Although the name suggests a castle, the building is more a country house. On the outskirts of Kelso, the Floors Castle is the home of the Duke of Roxburghe, and was built for him in 1721. It is the largest castle of Scotland that is inhabited. Its splendid gardens are open for the public to explore. The castle is sprawled along River Tweed’s banks, therefore, providing beautiful sceneries all around. The Floors Castle was featured in the movie Greystroke: The Legend of Tarzan, Lord of the Apes.
The country’s turbulent and brilliant past of monks is recalled in the ruined abbeys of Scotland. An elegant, but dominating structure built in red-sandstone, the Melrose began in the 1100s. The well-preserved carvings retain the power of the abbey’s ruins. The abbey is noted for its decorated carvings that include dragons, plants, gargoyles, and saints. A master mason, John Morrow, made an inscription on one of the stairways, which translates as ‘keep in mind, the end, your salvation’. It has become a motto of the town.
Loch Lomond and the Trossachs National Park
Sparkling waters, ragged mountains, open skies, and lush green woodlands make the place a coveted retreat for visitors as well as locals. Trossachs is the first national park of Scotland, and provides ideal opportunities for biking, hiking, and other such activities. It is easily accessible from Edinburgh and Glasgow. The beautiful scenery and diverse wildlife are among the principal attractions of this park. The West Highland Highway offers a challenging walk through the park for those who are up for it. Most hikers are attracted to the mountains of Arrochar Alps, the Cobbler, and Ben Lomond.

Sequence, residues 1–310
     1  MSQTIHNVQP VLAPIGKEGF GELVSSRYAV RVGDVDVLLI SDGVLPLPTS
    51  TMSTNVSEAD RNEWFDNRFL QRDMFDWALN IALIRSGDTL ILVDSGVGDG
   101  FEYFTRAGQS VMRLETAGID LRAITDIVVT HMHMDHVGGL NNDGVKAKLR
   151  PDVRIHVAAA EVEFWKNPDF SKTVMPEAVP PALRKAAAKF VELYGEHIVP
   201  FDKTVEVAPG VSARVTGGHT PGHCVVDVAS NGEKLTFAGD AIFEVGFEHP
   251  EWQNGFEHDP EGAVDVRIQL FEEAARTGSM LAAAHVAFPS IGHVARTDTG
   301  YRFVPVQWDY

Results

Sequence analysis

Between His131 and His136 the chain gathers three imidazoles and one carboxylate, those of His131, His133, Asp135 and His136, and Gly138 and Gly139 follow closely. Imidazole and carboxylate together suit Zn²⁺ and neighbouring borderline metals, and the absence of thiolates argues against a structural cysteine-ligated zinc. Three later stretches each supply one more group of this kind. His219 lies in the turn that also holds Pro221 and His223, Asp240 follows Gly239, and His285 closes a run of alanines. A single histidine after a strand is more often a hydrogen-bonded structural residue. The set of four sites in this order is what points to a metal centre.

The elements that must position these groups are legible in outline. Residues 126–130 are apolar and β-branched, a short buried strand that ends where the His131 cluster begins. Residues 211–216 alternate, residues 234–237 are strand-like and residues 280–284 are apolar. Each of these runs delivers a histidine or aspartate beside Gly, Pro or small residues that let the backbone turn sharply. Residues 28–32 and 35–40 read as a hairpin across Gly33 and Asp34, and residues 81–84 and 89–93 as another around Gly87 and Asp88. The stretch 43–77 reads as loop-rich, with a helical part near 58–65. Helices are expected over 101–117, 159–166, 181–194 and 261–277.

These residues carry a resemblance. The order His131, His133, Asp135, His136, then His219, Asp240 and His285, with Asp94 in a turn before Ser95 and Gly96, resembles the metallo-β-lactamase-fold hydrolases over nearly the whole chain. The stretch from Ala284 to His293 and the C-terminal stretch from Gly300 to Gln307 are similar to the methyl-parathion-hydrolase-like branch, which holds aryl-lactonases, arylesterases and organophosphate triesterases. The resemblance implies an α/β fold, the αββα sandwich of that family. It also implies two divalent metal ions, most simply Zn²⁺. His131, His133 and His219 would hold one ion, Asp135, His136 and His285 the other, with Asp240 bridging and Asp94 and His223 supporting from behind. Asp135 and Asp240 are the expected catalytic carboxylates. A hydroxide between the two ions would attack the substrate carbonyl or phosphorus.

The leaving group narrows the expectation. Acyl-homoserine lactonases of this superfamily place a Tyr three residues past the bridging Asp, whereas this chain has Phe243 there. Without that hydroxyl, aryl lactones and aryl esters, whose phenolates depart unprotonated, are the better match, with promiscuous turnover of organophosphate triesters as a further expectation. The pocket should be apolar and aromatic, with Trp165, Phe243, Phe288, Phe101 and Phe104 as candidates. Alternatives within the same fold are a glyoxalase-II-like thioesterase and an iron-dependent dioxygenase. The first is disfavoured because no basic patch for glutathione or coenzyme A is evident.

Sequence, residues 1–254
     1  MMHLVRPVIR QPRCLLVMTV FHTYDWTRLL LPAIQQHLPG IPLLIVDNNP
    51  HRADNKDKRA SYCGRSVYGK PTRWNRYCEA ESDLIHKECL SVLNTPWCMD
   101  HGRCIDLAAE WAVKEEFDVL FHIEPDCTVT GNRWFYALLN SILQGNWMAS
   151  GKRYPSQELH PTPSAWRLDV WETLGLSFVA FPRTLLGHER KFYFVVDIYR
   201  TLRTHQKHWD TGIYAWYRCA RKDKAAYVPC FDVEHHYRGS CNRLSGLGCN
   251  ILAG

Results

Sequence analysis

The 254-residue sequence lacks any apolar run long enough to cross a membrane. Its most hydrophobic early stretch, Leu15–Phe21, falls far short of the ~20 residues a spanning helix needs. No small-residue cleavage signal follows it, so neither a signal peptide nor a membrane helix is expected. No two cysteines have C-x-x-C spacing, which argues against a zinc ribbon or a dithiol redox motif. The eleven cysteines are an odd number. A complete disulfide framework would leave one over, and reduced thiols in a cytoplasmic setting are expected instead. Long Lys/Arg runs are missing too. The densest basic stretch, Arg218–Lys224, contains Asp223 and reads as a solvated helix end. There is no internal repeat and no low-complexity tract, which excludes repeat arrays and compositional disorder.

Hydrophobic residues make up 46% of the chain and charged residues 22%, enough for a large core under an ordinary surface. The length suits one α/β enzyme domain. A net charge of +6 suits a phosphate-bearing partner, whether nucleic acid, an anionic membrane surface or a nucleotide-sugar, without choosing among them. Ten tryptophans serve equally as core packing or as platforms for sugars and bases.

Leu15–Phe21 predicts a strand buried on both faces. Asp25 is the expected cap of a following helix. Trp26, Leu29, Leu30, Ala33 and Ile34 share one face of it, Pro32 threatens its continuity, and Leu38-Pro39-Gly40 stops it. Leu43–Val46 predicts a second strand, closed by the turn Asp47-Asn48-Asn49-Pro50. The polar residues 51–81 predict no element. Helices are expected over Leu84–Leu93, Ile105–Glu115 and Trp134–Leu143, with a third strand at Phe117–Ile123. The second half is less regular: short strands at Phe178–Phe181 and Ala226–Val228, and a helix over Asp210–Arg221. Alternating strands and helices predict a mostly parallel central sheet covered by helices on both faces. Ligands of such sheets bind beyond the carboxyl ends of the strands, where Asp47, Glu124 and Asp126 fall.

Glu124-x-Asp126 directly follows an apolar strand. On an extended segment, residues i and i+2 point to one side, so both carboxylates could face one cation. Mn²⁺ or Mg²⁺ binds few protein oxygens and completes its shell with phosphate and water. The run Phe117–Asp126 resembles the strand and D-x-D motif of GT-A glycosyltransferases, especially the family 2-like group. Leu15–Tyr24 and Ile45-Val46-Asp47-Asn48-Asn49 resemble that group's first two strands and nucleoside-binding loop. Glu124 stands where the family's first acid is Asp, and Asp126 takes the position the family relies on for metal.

Malt Whisky Trail
As you travel the Malt Whisky Trail, you will come across more than half of the total whisky distilleries present in Scotland. Each distillery will welcome you with its warmth, and invite you to taste, smell, and absorb its magical whisky. The Malt Whisky Trail follows in the picturesque valley of the River Spey, and is well-known for its distilleries as well as a fascinating historic cooperage. Visit in May or September to experience the fun of whisky festivals, when shops, bars, distilleries, pubs, and the entire villages invite you to party.
The town is famous primarily for its golf course, and then its university, which is Scotland’s oldest. It is a charming, prosperous, and historic town. St. Andrews is home to a church which dates back to the 8th century; the church now lies in ruins. The historic appeal and the charm of the place make it the perfect spot for a heavenly walk in the town, or along the shore. Visitors travel in great numbers to St. Andrews for its sandy beaches, and its several golf courses, which are ranked amongst the world’s best golf courses.